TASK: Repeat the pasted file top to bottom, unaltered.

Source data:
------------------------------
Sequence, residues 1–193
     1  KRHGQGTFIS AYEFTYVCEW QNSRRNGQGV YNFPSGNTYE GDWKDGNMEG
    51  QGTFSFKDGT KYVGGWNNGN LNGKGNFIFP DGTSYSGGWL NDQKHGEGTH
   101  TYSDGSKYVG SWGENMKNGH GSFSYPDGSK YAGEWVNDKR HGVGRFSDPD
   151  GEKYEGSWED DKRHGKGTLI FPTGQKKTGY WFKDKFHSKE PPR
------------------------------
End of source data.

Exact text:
Sequence, residues 1–193
     1  KRHGQGTFIS AYEFTYVCEW QNSRRNGQGV YNFPSGNTYE GDWKDGNMEG
    51  QGTFSFKDGT KYVGGWNNGN LNGKGNFIFP DGTSYSGGWL NDQKHGEGTH
   101  TYSDGSKYVG SWGENMKNGH GSFSYPDGSK YAGEWVNDKR HGVGRFSDPD
   151  GEKYEGSWED DKRHGKGTLI FPTGQKKTGY WFKDKFHSKE PPR